Here’s some interesting music business news from the last week. There’s a lot going on in the streaming world, but as usual, that’s not all.
Warner Music had it’s best quarter in a long time. Streaming agrees with this major label, and it’s up around 14% over the same time last year. Guest what? It’s all due to streaming.
“Happy Birthday” is copyright free, but what about “We Shall Overcome” and “This Land Is Your Land?” Both are considered national treasures and thought to be in the public domain, but are instead controlled by the daughter of Woody Guthrie. New lawsuits attempt to change that, but what does it mean for copyright law?
Many superstars are going it alone without a manager. Taylor Swift, Bruno Mars, Beyonce and Ariana Grande are using a close tight nit team to guide their careers instead of traditional management companies. Prince was notorious for doing the same thing, and Mick Jagger has essentially guided the Rolling Stones since early in their career. Works for some, not so much for others as Queen and Billy Joel had a rough time after trying the strategy.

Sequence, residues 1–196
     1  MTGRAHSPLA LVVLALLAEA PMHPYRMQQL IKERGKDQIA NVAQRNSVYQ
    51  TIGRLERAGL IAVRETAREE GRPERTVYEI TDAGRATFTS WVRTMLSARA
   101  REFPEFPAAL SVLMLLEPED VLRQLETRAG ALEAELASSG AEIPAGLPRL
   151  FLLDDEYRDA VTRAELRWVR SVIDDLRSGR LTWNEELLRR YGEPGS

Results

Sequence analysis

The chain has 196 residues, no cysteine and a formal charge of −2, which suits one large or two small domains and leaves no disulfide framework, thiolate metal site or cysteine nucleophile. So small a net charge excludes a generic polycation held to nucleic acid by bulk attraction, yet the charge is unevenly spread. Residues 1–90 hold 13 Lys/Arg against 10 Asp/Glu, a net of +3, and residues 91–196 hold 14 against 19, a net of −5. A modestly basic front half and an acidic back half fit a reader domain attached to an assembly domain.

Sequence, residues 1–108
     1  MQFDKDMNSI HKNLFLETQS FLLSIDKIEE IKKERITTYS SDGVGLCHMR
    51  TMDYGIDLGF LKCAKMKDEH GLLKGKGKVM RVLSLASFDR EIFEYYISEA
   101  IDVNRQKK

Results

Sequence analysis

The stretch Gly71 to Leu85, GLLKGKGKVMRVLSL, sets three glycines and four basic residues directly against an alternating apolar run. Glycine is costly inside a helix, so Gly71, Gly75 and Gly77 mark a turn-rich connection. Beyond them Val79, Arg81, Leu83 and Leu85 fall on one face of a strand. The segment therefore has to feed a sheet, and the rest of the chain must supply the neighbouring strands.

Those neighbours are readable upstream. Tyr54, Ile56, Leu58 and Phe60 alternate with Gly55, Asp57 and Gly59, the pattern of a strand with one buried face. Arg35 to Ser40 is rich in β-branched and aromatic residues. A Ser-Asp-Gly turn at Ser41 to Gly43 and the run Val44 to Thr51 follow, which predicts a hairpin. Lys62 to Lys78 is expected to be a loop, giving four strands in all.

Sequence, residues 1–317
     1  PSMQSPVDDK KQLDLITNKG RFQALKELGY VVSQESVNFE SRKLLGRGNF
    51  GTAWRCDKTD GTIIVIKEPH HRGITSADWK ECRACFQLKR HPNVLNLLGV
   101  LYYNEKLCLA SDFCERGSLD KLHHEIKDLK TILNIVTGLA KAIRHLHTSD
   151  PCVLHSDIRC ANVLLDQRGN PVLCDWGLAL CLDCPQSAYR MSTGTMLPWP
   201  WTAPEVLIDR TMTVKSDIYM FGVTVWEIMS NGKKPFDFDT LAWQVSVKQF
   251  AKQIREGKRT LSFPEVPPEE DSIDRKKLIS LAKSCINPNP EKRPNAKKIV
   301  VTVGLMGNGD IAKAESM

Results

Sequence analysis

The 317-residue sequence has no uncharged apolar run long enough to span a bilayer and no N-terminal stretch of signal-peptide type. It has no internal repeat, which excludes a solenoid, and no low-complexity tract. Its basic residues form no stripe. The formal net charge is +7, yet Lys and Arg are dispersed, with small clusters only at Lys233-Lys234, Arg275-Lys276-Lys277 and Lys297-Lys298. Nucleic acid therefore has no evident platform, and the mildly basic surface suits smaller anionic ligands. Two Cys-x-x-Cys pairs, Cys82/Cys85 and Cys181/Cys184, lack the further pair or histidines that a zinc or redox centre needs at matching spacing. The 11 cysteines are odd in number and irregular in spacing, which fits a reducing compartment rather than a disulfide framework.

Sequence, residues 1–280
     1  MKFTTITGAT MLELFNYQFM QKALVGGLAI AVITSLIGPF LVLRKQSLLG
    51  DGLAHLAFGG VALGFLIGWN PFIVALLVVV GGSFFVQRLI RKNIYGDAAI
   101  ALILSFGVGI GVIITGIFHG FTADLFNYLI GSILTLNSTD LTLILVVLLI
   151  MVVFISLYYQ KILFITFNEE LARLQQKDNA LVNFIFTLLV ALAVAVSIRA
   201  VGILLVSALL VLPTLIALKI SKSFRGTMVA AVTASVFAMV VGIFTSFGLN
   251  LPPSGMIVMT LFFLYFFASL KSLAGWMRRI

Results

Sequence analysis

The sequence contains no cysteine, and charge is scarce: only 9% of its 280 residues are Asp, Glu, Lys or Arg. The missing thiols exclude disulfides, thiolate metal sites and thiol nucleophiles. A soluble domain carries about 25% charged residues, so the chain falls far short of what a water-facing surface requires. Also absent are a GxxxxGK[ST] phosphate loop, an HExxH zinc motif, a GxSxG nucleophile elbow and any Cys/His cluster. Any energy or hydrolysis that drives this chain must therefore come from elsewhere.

Drake’s Views chart dominance is mainly due to streaming. It seems that sales aren’t what they used to be, but I’ve been making that point for a long time.
Spotify is trying to program ads based on your musical tastes. The company is now asking advertisers to submit ads that fit specific profiles to better target listeners on its free ad-supported tier. Creepy or smart?
Song pluggers now target playlists. Song “pluggers” or promoters used to target just radio in order to raise the profile of a song and make it a hit, now they target various playlists instead.
Apple has fixed a big problem with Apple Music. It has moved to fingerprinting technology to help better match your personal music collection to its online catalog. User have been frustrated with inaccurate matches, but this promises to kill the bug.
Downloads will be dead by 2020. That’s what this article predicts as it looks at the downward spiral down of downloadable music consumption. Not analysts believe it will happen this quickly, by the way.
Has streaming broken the UK singles charts? A better question might be, what dos the singles chart now measure, because it certainly isn’t sales.
That’s the News Roundup of what went on in the music industry last week. Let’s see what next week brings.